In 1962, Nick Holonyak, Jr. invented the first light-emitting diode bulb, or LED light bulb. Due to a variety of factors, such as cost and familiarity, incandescent bulbs led the way in sales into even the 21st century. But in 2007, the United States government passed legislation paving the way for a shift away from incandescent light bulbs. By the year 2014, the manufacture or import of incandescent bulbs in the US was to be banned. In addition, by 2020 regulations requiring a 200% efficiency increase in bulbs was passed. Incandescent bulbs that meet energy requirements are available, but are no longer as popular as they once were. Since then, the shift to LED has accelerated, with the LED light bulb leading the way in sales among all bulb types.
LED Lead Has Grown
In October 2015, LED bulbs already held a 35% share of the light bulb market in units sold, with incandescent bulbs at second with 21%. By April 2017, that share had grown to 44%, with all other bulb types losing share relative to the LED bulb.
Given LED’s higher price point, in dollar share the LED lead is larger. In October 2015 LED’s share sat at 51%, with incandescent bulbs second with 12%. The lead fluctuated over the next year and a half as both the price and availability of LED started to drop, but LED bulbs still held 54% of the dollar share as of April 2017.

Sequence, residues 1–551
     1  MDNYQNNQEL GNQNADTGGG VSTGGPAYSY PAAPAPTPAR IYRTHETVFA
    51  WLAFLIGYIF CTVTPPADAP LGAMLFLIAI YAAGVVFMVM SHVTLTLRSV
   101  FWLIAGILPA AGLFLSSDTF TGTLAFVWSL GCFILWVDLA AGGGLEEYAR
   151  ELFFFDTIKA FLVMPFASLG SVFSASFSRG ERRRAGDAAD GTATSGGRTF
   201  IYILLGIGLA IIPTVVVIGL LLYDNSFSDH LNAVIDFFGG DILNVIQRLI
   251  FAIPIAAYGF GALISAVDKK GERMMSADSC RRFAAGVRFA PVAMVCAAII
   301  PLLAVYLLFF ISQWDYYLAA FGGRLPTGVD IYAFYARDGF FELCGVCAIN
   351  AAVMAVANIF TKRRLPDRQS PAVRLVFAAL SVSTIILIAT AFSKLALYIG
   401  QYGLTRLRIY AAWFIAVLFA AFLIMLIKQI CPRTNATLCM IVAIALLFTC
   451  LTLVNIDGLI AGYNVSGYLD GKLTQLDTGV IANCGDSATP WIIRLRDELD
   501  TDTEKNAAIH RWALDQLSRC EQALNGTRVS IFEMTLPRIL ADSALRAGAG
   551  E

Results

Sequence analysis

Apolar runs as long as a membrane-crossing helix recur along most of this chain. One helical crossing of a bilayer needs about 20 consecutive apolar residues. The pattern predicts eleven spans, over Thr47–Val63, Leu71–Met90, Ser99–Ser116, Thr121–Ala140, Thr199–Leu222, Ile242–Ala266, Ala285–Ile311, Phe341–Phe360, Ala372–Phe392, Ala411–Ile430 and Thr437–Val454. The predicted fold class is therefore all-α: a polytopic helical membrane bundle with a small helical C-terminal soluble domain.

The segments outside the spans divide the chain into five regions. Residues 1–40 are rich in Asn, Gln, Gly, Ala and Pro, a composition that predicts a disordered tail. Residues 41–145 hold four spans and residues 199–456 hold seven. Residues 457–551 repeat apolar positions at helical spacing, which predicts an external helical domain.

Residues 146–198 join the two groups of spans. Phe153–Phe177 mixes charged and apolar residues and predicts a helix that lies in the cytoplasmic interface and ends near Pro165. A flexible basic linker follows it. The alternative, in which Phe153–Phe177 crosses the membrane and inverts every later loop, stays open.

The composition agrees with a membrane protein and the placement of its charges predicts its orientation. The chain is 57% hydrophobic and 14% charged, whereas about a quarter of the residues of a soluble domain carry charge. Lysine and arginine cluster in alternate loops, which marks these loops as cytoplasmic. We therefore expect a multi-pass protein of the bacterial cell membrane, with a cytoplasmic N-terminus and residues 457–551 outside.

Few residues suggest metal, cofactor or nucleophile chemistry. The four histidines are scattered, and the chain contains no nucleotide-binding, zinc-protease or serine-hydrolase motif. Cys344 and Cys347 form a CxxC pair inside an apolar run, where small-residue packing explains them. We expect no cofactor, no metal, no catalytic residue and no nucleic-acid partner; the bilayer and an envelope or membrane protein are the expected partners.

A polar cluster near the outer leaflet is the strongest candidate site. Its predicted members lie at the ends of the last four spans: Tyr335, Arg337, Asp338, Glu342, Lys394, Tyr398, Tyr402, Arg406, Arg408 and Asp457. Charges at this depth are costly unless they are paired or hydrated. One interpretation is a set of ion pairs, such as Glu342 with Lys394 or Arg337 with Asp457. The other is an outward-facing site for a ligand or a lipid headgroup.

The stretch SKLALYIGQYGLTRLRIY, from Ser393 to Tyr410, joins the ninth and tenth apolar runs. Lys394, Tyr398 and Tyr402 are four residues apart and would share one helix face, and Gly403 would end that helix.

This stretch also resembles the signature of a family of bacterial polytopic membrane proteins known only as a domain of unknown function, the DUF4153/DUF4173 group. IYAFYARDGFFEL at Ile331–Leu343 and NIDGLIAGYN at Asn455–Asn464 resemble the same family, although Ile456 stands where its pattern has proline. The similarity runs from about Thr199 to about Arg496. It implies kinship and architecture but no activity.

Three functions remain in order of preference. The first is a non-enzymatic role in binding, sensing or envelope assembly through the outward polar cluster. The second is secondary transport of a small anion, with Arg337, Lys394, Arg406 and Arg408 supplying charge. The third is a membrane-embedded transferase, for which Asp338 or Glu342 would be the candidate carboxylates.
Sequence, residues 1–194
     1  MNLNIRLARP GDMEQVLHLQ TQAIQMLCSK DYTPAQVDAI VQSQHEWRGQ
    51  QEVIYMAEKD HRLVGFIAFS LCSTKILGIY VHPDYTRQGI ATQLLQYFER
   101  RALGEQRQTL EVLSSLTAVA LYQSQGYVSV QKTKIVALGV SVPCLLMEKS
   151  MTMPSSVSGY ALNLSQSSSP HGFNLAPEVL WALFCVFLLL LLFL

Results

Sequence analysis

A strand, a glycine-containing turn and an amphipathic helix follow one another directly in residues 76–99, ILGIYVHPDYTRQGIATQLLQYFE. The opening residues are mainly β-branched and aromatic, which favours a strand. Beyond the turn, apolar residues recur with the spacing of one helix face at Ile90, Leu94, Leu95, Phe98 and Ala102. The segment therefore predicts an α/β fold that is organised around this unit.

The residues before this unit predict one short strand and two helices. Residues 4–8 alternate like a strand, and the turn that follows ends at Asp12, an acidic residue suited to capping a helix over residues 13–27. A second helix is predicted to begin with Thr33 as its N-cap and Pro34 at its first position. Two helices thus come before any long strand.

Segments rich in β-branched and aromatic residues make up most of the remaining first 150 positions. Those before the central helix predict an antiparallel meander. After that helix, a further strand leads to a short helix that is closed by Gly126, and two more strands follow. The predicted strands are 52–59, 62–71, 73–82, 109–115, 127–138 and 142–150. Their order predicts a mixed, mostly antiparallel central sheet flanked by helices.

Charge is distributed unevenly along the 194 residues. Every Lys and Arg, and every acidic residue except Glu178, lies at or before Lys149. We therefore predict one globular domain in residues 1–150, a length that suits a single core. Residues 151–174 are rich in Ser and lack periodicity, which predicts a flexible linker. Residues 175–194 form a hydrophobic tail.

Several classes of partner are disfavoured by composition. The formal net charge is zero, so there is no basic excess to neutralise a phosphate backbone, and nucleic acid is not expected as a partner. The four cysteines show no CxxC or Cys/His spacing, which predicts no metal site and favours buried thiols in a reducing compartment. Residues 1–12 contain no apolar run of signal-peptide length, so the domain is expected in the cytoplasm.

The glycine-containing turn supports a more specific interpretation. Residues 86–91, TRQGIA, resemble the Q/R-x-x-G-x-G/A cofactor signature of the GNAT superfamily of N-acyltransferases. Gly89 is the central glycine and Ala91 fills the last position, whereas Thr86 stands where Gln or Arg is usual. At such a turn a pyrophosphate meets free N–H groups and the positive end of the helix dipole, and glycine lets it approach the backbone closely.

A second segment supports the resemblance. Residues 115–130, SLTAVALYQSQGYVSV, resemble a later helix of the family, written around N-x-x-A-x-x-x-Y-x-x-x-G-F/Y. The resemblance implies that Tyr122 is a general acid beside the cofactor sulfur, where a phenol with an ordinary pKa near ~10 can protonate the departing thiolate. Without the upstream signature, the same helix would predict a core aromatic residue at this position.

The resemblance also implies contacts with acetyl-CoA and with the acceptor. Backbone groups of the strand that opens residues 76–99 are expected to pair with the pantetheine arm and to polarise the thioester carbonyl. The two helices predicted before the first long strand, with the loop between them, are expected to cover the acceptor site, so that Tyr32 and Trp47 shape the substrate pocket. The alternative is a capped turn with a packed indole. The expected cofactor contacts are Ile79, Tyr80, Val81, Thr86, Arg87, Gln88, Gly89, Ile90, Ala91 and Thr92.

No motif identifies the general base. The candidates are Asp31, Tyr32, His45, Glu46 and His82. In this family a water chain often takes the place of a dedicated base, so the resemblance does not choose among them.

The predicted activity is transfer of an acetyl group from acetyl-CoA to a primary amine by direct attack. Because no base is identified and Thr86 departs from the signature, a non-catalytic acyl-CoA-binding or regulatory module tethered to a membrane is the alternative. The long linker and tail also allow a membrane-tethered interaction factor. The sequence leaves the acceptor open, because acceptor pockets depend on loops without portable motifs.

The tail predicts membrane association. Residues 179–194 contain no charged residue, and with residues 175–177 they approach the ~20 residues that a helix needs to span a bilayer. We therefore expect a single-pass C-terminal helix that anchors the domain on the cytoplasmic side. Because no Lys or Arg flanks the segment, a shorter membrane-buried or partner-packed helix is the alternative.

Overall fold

Policy and Economics Collide
Incandescent bulbs, long the standard in homes, carry the advantage of very low prices compared to more efficient options. On the other hand, because they only convert 5% of the energy they use into light, they burn out much more quickly. This led to the introduction of energy policies that demanded sharp increases in bulb efficiency, and in doing so, later eliminated manufacture and importation of most incandescent bulbs in the U.S.
Still, the shift in policy would only work to the extent prices became reasonable enough for consumers to see a long-term advantage to buying more efficient bulbs. As production has increased in the past few years, prices have come down significantly, enough to push LED bulbs into a significant lead over their competitors.
The difference between unit and dollar share lead for the LED light bulb reflects the higher cost of LED. The unit cost has continued to decline, so the dollar share has not increased as quickly or steadily as the unit share. While these will likely never line up in a one-to-one way, the unit share will continue to increase more quickly than the dollar share.
Expect Continued LED Growth
While United States energy policy is always subject to temporary shifts, the money an LED light bulb saves will only increase the share this type of bulb maintains in the market–particularly in relation to the currently available alternatives. Everyday consumers now view these bulbs in terms of both environmental and economic advantages, so there are almost no market incentives that threaten to push the share backward.
One unknown in all of this, of course, lies with future technology. The LED bulb currently represents the best efficiency in bulbs, and their pricing makes them the most attractive option economically. Other potential future choices might include laser technology or even a revamped incandescent option with greater efficiency than LEDs currently provide. The combination of efficiency and pricing will remain the key driver in pushing consumers, either to additional LED growth or into options not yet readily available in the market. For the time being, expect the push into greater LED adoption to continue in the immediate future.